But it’s very comfortable, and they are very welcoming.  At this point, anything that happens is just a new experience.  I’m taking the role of a fly on the wall, just watching to see how it turns out.  This doesn’t mean that I’m not still looking around to see what I can see as far as housing is concerned.

The university is LITERALLY across the street, so I was able to walk to my workshop.  Last night, first night of the workshop, went SO WELL.  There are 17 people signed up, but something like 3 didn’t show up.  But then another 5 people showed up who aren’t on the list, so it was cozy in the classroom.  The workshop is “Vocalization for Professionals”, so last night we talked about the voice itself, how it is produced, the breathing mechanism, did some exercises, and for a while I was like, man, how am I going to fill up 4-5 hours a day?  I had a unit prepared on vocal disorders, when it suddenly occurred to me, why not make THEM do it?  So I had them break up in groups, gave each group a different vocal disorder, and had them each do a presentation on it.  Worked great and filled up 2 hours.  The funniest was some of the pictures they chose.  I told them I wanted to see pictures of the disorders, so when the group covering Laryngitis got up with their picture of this infected larynx, everyone was like EEEEEEWWW!!! and we all had a good laugh.  I think it was a great hit.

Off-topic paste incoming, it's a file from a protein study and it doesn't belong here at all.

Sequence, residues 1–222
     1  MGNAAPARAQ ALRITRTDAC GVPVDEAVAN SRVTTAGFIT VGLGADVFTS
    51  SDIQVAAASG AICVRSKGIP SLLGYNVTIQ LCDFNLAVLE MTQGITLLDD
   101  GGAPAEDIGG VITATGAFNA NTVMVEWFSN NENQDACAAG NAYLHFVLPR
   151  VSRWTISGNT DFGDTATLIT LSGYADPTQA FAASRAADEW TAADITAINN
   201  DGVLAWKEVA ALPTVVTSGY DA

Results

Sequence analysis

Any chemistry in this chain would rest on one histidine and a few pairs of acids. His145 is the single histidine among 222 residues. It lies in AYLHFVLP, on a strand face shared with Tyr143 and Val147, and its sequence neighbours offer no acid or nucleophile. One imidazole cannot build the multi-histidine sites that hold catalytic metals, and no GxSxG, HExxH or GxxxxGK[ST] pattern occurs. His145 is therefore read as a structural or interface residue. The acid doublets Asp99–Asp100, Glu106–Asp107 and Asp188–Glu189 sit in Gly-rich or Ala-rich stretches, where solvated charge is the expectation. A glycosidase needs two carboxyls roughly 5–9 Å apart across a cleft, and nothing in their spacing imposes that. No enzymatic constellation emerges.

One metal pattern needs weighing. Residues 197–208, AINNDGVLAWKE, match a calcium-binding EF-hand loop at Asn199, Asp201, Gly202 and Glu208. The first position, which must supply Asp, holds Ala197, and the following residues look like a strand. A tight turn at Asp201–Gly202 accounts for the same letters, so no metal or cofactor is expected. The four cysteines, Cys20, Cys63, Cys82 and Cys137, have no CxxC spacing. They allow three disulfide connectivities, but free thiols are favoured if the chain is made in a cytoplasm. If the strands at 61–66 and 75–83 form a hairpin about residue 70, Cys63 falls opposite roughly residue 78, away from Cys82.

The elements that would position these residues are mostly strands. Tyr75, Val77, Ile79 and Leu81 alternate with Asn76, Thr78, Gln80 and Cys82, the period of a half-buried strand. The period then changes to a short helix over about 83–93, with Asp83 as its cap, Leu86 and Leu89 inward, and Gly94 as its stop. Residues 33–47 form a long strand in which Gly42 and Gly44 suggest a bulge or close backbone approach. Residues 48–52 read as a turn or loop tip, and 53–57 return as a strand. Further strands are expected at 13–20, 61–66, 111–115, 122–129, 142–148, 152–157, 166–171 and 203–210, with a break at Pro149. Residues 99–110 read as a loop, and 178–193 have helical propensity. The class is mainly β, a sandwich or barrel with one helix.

And the coolest part was that I had SUCH A GOOD TIME!!!  Other than the fact that I think the students enjoyed it, it was so energizing to be up there explaining stuff, motivating them, giving demonstrations… a demonstration I wish that I would have planned ahead for is one for demonstrating the breathing mechanism.  I had an empty water bottle and had them visualize that it was a person (making an off-handed commend that in this case it was a woman because it had curves, to which everyone laughed).  Had I planned ahead, I would have bought a bag of balloons and stuck one inside the mouth of the bottle and started blowing.  Once the lungs inflate to the ribcage, the ribcage only expands so much, so where do the lungs expand?  They expand DOWNWARD.  So I had them visualize that since I didn’t have the balloon, and used that to introduce the proper way to breathe with the diaphragm.  It turned out really well even without the balloon.